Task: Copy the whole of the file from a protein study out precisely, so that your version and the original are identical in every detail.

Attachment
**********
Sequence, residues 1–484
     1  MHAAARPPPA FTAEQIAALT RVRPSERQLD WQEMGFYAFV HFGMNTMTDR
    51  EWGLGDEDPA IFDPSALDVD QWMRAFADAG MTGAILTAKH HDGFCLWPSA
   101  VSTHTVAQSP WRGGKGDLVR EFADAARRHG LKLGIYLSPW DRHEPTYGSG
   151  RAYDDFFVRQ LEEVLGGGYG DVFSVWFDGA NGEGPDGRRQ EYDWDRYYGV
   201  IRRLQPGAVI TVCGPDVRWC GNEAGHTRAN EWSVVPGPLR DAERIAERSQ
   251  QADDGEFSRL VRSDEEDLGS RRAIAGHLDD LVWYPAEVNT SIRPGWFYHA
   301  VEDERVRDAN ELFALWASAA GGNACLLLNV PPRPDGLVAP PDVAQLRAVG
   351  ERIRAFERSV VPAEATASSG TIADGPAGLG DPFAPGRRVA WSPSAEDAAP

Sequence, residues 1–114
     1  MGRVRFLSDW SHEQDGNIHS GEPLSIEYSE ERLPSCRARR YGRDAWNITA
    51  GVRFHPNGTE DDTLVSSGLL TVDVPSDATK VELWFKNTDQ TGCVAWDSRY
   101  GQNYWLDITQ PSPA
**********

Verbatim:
Sequence, residues 1–484
     1  MHAAARPPPA FTAEQIAALT RVRPSERQLD WQEMGFYAFV HFGMNTMTDR
    51  EWGLGDEDPA IFDPSALDVD QWMRAFADAG MTGAILTAKH HDGFCLWPSA
   101  VSTHTVAQSP WRGGKGDLVR EFADAARRHG LKLGIYLSPW DRHEPTYGSG
   151  RAYDDFFVRQ LEEVLGGGYG DVFSVWFDGA NGEGPDGRRQ EYDWDRYYGV
   201  IRRLQPGAVI TVCGPDVRWC GNEAGHTRAN EWSVVPGPLR DAERIAERSQ
   251  QADDGEFSRL VRSDEEDLGS RRAIAGHLDD LVWYPAEVNT SIRPGWFYHA
   301  VEDERVRDAN ELFALWASAA GGNACLLLNV PPRPDGLVAP PDVAQLRAVG
   351  ERIRAFERSV VPAEATASSG TIADGPAGLG DPFAPGRRVA WSPSAEDAAP

Sequence, residues 1–114
     1  MGRVRFLSDW SHEQDGNIHS GEPLSIEYSE ERLPSCRARR YGRDAWNITA
    51  GVRFHPNGTE DDTLVSSGLL TVDVPSDATK VELWFKNTDQ TGCVAWDSRY
   101  GQNYWLDITQ PSPA